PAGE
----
Failure to manage the forces of global disorder,

however, could lead to something even more forbidding—

a New Dark Age. Accordingly, Section III

identifies and elucidates key developments that are not

only feeding into the long-term decline of the state but

seem likely to create a major crisis of governance that

could tip into the chaos of a New Dark Age. Particular

attention is given to the inability of states to meet the


needs of their citizens, the persistence of alternative

loyalties, the rise of transnational actors, urbanization

and the emergence of alternatively governed spaces,

and porous borders. These factors are likely to interact

in ways that could lead to an abrupt, nonlinear shift

from the New Middle Ages to the New Dark Age. This

will be characterized by the spread of disorder from the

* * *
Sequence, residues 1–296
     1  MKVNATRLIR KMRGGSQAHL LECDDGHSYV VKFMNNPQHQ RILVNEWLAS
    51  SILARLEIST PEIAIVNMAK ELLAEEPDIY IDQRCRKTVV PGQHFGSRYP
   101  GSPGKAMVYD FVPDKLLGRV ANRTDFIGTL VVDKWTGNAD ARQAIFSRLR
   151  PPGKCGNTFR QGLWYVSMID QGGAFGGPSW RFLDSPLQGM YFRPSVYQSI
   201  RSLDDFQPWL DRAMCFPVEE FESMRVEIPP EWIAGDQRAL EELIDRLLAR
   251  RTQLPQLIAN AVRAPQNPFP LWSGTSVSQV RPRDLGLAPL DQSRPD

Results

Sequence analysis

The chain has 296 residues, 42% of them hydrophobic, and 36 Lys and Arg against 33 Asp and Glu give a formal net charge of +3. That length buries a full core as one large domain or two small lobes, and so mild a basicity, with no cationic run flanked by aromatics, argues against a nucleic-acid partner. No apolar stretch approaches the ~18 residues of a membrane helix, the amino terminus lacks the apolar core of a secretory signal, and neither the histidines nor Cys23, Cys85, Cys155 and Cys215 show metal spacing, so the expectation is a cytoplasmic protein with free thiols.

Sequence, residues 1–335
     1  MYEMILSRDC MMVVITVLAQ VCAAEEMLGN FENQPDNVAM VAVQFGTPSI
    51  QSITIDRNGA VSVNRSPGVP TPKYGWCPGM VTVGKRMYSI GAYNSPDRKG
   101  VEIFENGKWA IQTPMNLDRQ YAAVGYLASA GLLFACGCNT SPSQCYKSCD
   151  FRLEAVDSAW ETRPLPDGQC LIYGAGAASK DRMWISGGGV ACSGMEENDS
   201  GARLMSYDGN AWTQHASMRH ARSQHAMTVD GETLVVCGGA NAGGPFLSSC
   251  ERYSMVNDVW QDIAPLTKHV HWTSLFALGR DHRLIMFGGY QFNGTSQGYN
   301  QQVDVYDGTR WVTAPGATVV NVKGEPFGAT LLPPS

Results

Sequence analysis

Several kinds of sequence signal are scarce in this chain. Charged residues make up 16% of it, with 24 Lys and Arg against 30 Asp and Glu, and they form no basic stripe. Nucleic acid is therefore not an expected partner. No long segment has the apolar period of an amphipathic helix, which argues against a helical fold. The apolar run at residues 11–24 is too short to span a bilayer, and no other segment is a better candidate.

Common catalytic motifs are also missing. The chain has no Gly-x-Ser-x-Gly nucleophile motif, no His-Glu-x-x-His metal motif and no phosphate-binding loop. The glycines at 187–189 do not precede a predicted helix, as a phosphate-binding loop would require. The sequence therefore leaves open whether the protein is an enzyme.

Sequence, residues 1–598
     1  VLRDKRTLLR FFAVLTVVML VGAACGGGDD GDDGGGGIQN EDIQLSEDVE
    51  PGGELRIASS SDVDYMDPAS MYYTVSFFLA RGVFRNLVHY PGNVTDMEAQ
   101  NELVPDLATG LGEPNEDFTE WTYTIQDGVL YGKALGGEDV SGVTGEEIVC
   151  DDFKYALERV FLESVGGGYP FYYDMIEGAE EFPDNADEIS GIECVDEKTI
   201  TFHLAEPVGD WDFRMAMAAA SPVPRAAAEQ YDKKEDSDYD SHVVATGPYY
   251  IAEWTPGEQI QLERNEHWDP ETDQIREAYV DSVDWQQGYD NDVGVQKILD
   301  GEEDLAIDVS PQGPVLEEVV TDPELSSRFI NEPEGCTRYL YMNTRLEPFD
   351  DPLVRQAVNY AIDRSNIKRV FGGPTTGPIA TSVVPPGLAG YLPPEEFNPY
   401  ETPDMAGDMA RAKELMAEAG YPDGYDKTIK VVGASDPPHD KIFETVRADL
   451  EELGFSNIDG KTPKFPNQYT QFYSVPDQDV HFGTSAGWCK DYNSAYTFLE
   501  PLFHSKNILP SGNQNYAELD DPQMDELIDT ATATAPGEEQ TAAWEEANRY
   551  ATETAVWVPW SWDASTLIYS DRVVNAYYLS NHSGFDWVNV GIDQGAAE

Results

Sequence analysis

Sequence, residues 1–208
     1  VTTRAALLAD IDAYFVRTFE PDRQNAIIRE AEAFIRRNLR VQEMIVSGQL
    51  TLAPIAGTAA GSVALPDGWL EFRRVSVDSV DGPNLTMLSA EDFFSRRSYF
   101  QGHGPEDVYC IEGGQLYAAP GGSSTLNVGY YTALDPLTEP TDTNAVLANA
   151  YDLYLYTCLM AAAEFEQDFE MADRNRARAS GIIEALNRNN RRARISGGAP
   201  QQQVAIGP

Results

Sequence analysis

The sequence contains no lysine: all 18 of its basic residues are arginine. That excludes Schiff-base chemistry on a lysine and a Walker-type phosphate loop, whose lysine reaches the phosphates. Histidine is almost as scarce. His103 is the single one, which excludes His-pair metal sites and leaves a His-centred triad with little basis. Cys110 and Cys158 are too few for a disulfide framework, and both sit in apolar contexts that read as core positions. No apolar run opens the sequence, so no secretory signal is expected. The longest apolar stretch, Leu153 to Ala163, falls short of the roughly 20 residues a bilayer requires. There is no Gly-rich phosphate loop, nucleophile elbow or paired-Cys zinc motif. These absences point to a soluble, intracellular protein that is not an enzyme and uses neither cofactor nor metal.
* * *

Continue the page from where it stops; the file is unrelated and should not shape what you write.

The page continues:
zone of weak states and feral cities in the developing

world to the countries of the developed world. When

one adds the strains coming from global warming and

environmental degradation, the diminution of cheaply

available natural resources, and the proliferation of

weapons of mass destruction, the challenges will be

formidable and perhaps overwhelming.

These challenges will also have profound implications

for U.S. security policy and military strategy. Reflecting

this, Section IV considers the extent to which

these trends and challenges have been incorporated